Of course, that’s all changed. Crisis over. Gas is cheap again so let’s dust off the SUV’s and get back to life as we knew it. Amidst all the other bad financial news, for me the darkest is the drop in gas prices. Now is the time for a gas tax. And, fortunately, I am not alone in that opinion. Allan Sloan wrote about the need for a gas tax in his recent “Deals” column in the Washington Post. (“A Danger to Detroit in Low Gas Prices”, (http://www.washingtonpost.com) His argument has more currency than mine as he’s a renowned economist, and I’m, well, not. He also makes it clear that he's not a “car-hating elitist,” proving the truth of the old Klingon proverb that only Nixon could go to China. An SUV driver calling for a gas tax has real credibility.
Unlike Mr. Sloan, I am a car-hating elitist, or at least a car-averse elitist.--I’m sticking with the elitist part—so my support for a gas tax has all the credibility of meringue, but I hope the planning and design community will make its voices heard over this. Economic downturns like the one we appear to be careening into hit the design professions hard. Architects my age know that the recent good times were an anomaly, while younger architects know nothing but good times. The profession has been so busy it’s been hard for clients to even get an architect’s attention. It’s easier in a recession…just hold your hand up, and say “waiter!”
Seriously, the street we should all be focusing on isn’t Wall Street or Main Street, it’s Green Street. This is an opportunity to break some bad habits and get our metaphors in shape.
Without having attended all of the other museum visits they’ve had…which would have been great, since I still consider myself a novice in the curatorial biz…I spent the first part of our time together talking about what the Building Museum is not: not an art museum; not a science museum; not a history museum. And then talking about what the Green Community exhibition is not: it’s not a history exhibition; it has no original artifacts; and, it’s not neutral. Green Community is an advocacy exhibition.
Advocate. A wonderful word. It's from the Latin ad+ vocare. Various dictionaries define advocate, when it’s a verb, as “to summon for counsel.” The noun, advocate, is the one who is summoned. The prefix, ad, is the Latin preposition meaning to, toward, and for. It’s directional and it takes an object; that is, there’s always a thing at the other end to, for, or toward which the action is directed. (Latin geeks will smugly remember that ad takes the accusative ending) Vocare, the Latin verb, means to call, to summon, to name. The Italian and the Spanish words for attorney, avvocato and abogado, respectively, hew close to the original Latin; the attorney is literally the one summoned for counsel. An advocate speaks for and calls to. A blizzard of derivatives—the etymological kind, not the weird financial kind--falls from vocare: advocate, avocation, convoke, equivocal, evoke, invocation, invoke, provoke, revoke, vocation, vouch…voice.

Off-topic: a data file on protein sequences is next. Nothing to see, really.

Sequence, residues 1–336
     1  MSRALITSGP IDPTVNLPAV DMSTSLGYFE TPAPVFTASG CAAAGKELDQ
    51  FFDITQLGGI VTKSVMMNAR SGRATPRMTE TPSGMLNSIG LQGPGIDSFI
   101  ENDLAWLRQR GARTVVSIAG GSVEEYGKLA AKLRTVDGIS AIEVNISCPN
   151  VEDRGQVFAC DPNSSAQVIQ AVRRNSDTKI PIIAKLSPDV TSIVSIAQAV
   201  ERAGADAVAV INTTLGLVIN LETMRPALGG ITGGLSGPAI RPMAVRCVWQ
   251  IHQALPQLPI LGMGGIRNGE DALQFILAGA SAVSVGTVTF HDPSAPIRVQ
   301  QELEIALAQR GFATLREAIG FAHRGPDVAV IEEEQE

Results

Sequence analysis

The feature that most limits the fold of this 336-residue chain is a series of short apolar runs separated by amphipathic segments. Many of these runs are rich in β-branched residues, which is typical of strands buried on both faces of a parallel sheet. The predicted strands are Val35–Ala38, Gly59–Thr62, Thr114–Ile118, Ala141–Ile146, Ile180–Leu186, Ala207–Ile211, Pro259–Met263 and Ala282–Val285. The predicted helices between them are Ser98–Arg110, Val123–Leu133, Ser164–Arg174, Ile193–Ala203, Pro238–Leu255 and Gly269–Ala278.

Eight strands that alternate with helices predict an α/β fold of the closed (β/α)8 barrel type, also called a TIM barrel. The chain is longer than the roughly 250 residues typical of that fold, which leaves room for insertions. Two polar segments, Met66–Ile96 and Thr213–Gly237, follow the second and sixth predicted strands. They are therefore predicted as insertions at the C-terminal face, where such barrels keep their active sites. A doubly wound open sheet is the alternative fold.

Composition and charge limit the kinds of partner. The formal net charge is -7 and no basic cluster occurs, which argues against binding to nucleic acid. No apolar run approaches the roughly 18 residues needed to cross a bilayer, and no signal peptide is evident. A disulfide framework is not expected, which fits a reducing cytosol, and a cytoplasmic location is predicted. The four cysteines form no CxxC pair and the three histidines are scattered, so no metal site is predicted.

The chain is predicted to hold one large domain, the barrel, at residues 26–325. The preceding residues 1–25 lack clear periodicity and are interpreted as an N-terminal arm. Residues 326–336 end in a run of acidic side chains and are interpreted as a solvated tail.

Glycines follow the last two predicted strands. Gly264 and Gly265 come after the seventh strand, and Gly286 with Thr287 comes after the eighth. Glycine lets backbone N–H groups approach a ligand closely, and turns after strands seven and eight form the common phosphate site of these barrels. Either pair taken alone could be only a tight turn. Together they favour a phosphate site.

So, what is an advocacy exhibition? Green Community, like the 2 Greens before it, speaks for, in support of, the content and calls to the visitor to listen and to act. The curator for an advocacy exhibition, then, deploys a different voice than she might use for a more traditional kind of exhibition. My previous exhibition, Tools of the Imagination, a thematic history of drawing tools and technologies from the 18th century to the present, was in the latter category. I chose the artifacts, drawings, and my words to illuminate and give context to the subject matter, but I wasn’t trying to convince anyone of anything. The take away message of Tools was not that the volutor was the better way to draw Ionic capitals, or that digital models were superior to cardboard. Not that I don’t have opinions on these things myself… they just weren’t germane to the narrative. (btw, volutors rule)
To be persuasive, to be an effective advocate, requires that everything--the original writing, the selection of quotes, the material and arrangement of the space, the colors and the graphics, the selection of each image, and of course the selection of the projects themselves—call to the visitor and speak for the goal of sustenance. The “calling to” and “speaking for” is directional, but it is not one-way, as the Smith students reminded me. Their questions and challenges demonstrated that an advocacy exhibition’s content is never entirely closed. It’s just the opening statement.
So, I’ve been spending a lot of time in that circle recently pondering as I always do: what makes it so good? This isn’t mere curiosity. As an architect and an educator of architects, I want to know how and why certain public places succeed and others don’t. Is it geometry? Material? Location? Maintenance? History? Quality of construction? As you may guess by now, it’s really all of the above, but surely there’s a hierarchy. Is any one of those qualities both necessary and sufficient? I’ve also wondered: does it look to others as it looks to me? Do my students see what I see when we visit?